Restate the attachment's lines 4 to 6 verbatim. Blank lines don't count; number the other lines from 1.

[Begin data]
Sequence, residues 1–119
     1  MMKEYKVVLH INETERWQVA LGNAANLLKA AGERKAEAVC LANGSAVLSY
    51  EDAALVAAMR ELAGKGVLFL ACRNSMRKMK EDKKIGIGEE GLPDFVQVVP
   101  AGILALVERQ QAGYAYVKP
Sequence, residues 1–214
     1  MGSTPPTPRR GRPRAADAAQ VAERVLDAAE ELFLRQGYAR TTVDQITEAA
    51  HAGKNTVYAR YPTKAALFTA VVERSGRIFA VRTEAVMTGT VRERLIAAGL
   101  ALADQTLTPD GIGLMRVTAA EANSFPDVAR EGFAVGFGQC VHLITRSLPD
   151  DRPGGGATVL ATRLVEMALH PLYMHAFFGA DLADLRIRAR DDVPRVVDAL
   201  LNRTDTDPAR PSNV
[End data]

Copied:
   101  AGILALVERQ QAGYAYVKP
Sequence, residues 1–214
     1  MGSTPPTPRR GRPRAADAAQ VAERVLDAAE ELFLRQGYAR TTVDQITEAA